We've been able to plumb potable water for fill stations, build a bathroom, laundry, and shower facility, run electricity along our beachfront RV park and to select sites in the woods, build our own fish cleaning table and launch ramp, develop a sizable kayaking fleet, and custom build water taxi and charter vessels to best handle the Alaskan environment we know best. Our store facility offers a large covered deck, wood fired heat and free coffee nearly 20 hours per day during the summer season, with a booking desk to help you plan every concievable part of your Alaskan vacation. From transportation to or from the airport, to guided hikes, to helicopter rides - we work with everyone we possibly can and we don't charge a commission or a booking fee for anything that we do. Whether you know what you would like or need some help planning, contact us and we'll do everything we can to help!
Grandma Penny (Ethel Louise Bumcrot - but if you called her by her given name her warm demeanor would quickly fade) raised chickens, geese, ducks, pigs, cows, horses, turkeys, goats, and any number of homeless dogs and cats at a time on the homesteadís farm. For many years she sold farm fresh eggs at the campgroundís store, a tradition that's been taken over by her son, Steve. After a flood damaged their home in 1957 the family spent five years on the remote island of LaTouche near the entrance of Prince William Sound, where her and her children lived at the recently abandoned Kenecott Copper Mine. The children were homeschooled, and moved from Lowell Point to the hunting and fishing mecca of (still) remote Alaska. Her children all consider LaTouche close to their heart, and you might as well - having the run of an abandoned mining town as a child in an Alaskan wilderness! Returning to the homestead in the early 60's due to the correspondence school only going to sixth grade, their home was destroyed by a fire in 1963, which cost them their home.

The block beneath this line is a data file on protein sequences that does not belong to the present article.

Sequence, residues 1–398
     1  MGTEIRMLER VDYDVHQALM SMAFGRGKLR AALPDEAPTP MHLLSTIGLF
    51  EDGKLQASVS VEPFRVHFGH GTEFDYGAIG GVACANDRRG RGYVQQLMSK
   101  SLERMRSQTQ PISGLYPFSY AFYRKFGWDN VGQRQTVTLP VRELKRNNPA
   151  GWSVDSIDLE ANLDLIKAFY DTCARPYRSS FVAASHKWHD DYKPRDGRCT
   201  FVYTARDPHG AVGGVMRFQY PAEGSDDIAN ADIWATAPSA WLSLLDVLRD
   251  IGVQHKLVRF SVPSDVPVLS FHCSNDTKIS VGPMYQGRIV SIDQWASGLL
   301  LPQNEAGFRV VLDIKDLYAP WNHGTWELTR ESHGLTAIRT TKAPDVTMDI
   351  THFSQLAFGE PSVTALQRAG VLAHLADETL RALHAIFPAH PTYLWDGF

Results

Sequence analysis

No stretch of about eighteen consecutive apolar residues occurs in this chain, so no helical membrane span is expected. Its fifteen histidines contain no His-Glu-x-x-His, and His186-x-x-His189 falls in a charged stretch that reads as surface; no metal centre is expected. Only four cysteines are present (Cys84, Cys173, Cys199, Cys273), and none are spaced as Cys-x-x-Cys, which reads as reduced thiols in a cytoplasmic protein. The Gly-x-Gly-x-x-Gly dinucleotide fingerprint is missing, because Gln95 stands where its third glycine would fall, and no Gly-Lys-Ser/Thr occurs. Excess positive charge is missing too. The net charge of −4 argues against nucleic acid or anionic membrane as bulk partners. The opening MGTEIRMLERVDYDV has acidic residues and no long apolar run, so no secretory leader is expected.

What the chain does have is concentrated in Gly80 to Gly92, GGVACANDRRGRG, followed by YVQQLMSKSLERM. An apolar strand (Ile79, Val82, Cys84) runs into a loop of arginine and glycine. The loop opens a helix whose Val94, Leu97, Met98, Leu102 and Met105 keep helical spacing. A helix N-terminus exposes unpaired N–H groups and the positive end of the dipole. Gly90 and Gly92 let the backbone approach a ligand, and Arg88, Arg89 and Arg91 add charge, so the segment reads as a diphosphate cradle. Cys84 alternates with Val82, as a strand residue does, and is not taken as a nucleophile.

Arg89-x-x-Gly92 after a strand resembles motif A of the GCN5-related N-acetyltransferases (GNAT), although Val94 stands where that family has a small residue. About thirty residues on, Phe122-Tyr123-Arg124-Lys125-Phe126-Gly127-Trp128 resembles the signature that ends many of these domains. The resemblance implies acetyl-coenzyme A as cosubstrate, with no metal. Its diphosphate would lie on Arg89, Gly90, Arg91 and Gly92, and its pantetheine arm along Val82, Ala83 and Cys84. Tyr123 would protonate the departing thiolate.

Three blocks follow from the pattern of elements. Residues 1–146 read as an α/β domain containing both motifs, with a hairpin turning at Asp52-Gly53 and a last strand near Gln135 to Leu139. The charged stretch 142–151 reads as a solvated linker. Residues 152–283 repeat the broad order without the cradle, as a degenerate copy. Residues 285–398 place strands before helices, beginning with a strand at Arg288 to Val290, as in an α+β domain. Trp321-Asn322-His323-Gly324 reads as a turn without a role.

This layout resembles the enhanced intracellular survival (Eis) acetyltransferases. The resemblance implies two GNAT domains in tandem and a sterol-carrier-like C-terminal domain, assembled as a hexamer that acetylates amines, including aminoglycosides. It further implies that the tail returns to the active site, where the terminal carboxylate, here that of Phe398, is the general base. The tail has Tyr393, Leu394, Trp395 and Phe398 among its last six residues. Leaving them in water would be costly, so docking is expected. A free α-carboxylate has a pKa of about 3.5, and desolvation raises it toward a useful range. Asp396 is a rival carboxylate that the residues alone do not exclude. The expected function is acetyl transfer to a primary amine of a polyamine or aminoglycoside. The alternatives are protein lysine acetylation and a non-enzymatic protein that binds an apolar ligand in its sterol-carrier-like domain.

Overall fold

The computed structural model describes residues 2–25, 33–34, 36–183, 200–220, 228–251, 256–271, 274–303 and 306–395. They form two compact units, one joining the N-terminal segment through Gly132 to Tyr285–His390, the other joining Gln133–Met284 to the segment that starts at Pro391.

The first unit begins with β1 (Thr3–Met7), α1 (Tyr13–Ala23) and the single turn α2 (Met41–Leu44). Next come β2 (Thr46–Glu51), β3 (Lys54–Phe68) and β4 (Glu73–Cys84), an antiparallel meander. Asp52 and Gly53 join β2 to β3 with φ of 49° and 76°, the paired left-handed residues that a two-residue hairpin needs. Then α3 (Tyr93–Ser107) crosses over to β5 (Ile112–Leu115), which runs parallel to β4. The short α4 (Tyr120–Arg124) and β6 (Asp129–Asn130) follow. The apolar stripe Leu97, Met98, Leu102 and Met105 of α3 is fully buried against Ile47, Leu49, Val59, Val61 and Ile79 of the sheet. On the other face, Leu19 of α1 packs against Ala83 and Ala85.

In the earthquake of 1964 their home still under construction survived, as they lived in the full basement of the house. The commercial fishing fleet of Seward were in large part a total loss. In the summer of '64 the family started a campground and boat rental business to make ends meet, and though the business was only open for four years, it made such an impression on young Mike that in 1982 he started Miller's Landing.
Fishing is a labor of love for Mike and his sons, and today he is considered one of the most experienced local guides, having fished the area his entire life, an charter fished now for over 36 years in the area. Our clients enjoy fishing with Captain Mike and the boys - both licensed captains - while he shows them the waters and land he knows so well. Sherrie (Mike's wife) is also a licensed Captain, and helps out with the boats.
The Miller's two sons (Chance and Tommy) both grew up on the homestead, and as such on the boats. They deckhanded for their father on the charter boats and learned the fishing trade. Both have spent a significant amount of time on the United States Antarctic Program's research vessels, and worked on research vessels in the arctic as well during the off season. Living at sea is a lot like living on a homestead - you spend a lot of time doing what you "can't" do.
Captains Mike, Sherry, Tommy, and Chance have a collective expertise that they love to share and pass on to visitors and the community.